Physical activity affects the functioning of the gastrointestinal system through both local and systemic effects and may play an important role in the etiology of gastroesophageal reflux disease, Barrett’s esophagus and oesophageal adenocarcinoma.
Dr Stephena Lam and colleagues investigated, for the first time in a large prospective cohort study, associations between recreational and occupational levels of physical activity and the incidence of Barrett’s esophagus.
The European Prospective Investigation of Cancer-Norfolk recruited 30,445 men and women between 1993 and 1997.
Occupational and recreational levels of physical activity were measured using a baseline questionnaire.
|Heavy manual occupations were positively associated with disease risk|
|European Journal of Gastroenterology & Hepatology|
The team examined the cohort up until 2015 to identify symptomatic cases of Barrett’s esophagus.
The researchers reported that 203 participants developed Barrett’s esophagus.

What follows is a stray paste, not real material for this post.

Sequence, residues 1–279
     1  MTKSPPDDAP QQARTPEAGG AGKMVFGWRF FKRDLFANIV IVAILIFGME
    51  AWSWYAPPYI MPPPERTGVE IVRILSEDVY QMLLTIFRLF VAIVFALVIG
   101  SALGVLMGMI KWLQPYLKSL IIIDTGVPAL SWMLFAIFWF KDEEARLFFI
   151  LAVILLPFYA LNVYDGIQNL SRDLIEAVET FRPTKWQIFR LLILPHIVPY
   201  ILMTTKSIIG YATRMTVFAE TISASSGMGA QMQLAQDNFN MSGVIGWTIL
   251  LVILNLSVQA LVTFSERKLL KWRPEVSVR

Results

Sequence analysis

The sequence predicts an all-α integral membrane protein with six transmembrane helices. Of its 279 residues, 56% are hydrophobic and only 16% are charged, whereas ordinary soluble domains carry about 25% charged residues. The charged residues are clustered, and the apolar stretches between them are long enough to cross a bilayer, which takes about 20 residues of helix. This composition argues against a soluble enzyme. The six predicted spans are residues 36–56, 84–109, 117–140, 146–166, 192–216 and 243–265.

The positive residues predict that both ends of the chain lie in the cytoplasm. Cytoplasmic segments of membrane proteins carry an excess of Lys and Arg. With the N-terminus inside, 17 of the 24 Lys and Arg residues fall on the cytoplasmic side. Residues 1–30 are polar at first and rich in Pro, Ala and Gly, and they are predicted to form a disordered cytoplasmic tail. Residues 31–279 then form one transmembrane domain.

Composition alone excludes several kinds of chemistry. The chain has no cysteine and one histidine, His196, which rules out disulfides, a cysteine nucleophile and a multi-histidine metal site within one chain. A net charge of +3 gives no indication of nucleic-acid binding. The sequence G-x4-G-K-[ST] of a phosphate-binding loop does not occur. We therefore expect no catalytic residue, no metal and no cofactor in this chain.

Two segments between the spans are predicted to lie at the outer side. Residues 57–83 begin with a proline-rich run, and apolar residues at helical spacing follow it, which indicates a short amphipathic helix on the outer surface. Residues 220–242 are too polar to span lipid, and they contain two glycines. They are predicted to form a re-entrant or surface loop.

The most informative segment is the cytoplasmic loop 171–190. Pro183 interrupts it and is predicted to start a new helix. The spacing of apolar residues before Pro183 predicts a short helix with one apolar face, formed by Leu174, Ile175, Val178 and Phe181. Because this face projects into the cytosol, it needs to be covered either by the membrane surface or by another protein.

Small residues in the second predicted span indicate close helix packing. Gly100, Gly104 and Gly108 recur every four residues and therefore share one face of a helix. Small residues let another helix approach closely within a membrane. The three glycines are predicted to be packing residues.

The research team noted an inverse association between standing occupations and disease risk when compared with sedentary jobs.
Heavy manual occupations were positively associated with disease risk, but conventional statistical significance was not reached.
The team found no associations between recreational activity and the risk of Barrett’s esophagus.
Dr Lam's team concludes, "Our study suggests that occupational levels of physical activity may be associated with the risk Barrett’s esophagus."
"However, further work is required to confirm and describe specific occupations that may be protective."